"Mathematically, he then proved that the probability that two prints are identical is extremely low - according to his calculations, it is 1 in 64 billion".
The fingerprint is an individual and unique feature that can be used to identify a person. Today, this type of identification has become well established with current technology such as when unlocking our smartphone. However, this type of recognition is older than you might think…
The emergence of fingerprint analysis
The technical term for this technology is dactyloscopy, and this is what biometrics are based on. Translated from the Greek, dactyloscopy can be translated as “finger inspection“. The furrows and pore structures of the fingers were described very early, in 1684, over 300 years ago!
The naturalist and geneticist Sir Francis Galton, who was also a cousin of Charles Darwin, described the minutia of fingerprints in his study from 1888 and developed a system for person recognition. With his research he showed the uniqueness of the lines and grooves on the fingertip.
What are the minutia in the finger?
The minutia (lat. “Minutae” for “tiny”) are the particularly fine features of every fingerprint. More precisely, it is the branches or endpoints of the papillary lines.
Sir Francis Galton recognized that the lines of the fingerprint (papillary lines) are unique. By dividing the fingerprint into sections, he was able to examine the individuality of each area. This resulted in the individuality of the complete fingerprint of each person.
Mathematically, he then proved that the probability that two prints are identical is extremely low – according to his calculations, it is 1 in 64 billion. So, the idea arose to use the fingerprint as unambiguous evidence of crimes.
The use of the fingerprint as evidence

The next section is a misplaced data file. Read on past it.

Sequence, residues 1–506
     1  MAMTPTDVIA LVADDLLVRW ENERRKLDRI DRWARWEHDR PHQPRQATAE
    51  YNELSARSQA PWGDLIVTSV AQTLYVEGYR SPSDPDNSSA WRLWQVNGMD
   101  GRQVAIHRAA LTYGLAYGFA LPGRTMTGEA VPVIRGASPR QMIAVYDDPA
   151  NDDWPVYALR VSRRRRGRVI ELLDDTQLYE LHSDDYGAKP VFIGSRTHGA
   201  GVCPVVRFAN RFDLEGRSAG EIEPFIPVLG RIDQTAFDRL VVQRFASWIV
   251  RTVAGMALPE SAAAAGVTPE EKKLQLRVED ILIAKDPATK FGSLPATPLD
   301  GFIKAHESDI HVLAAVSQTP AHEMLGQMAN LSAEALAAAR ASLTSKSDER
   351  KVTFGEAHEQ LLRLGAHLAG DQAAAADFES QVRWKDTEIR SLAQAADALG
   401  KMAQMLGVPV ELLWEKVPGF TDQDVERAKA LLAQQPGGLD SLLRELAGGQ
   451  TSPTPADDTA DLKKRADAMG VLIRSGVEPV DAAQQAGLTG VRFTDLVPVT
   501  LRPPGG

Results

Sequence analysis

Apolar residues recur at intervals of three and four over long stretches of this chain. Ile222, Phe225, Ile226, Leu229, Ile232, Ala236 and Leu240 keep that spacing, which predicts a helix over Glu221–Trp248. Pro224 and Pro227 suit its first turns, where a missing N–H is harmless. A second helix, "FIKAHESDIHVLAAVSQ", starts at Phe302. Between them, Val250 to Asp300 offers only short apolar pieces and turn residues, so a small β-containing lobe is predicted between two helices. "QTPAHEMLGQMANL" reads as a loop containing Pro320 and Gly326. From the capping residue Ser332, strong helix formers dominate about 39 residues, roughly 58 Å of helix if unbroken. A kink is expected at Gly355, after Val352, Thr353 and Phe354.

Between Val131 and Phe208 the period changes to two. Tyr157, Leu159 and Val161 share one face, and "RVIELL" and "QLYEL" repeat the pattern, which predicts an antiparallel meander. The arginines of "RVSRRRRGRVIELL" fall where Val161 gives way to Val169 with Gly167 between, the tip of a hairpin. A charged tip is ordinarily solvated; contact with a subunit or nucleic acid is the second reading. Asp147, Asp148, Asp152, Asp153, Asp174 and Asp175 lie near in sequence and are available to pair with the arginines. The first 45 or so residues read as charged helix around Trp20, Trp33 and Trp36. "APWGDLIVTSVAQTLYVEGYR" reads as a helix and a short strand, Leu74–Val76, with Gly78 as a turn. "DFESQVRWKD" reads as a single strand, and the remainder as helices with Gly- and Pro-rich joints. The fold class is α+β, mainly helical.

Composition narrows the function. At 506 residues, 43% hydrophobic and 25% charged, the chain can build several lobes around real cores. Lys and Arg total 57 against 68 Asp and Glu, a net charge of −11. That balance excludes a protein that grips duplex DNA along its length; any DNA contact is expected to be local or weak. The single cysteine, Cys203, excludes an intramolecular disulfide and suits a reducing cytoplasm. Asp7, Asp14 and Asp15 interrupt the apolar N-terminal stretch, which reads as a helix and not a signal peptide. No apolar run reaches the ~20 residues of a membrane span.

In fact, the Argentines were at the forefront of using fingerprints as legal evidence in court. They made the procedure official as early as 1896. Great Britain followed the Argentines in 1901.
In 1899, Edward Henry finally developed the so-called “Henry System” for classifying fingerprints on the basis of certain criteria. This made it possible to compare the prints of different people. In fact, no two people have ever been found with the same fingerprint.
How has it changed today?
It came about that the technical recognition of fingerprints established its course. Over the centuries fingerprint recognition has become more and more sophisticated and it has also been used for purposes other than fighting crime.
Nowadays, fingerprint recognition has made its way into our everyday lives. Unlocking the smartphone in particular, is a practical application. Paying by fingerprint is already possible today and it will be interesting to see whether this use of fingerprints start to become mainstream.
Open and close doors with your finger
Prevalent uses of print recognition includes access control in company buildings. With biometric access systems, only staff and users that have been registered, can be granted access to the building making it an incredibly secure way to protect your site’s physical security.
Almas Industries have been manufacturing fingerprint scanners for access control for over 15 years. Being able to open and close doors by fingerprint offers our customers maximum protection and control, plus the convenience of not having to carry keys, cards or fobs. Furthermore, it also provides the possibility to control different rooms with different access authorisations.
If you are looking for a safe, secure, and efficient way to protect your site, fingerprint access control systems are a great way to keep your valuables protected.
Contact the team at Almas Industries today to discuss biometric access control, biometric readers, or facial scanners for your business; you can call us on 0333 567 77 99 or email us: [email protected]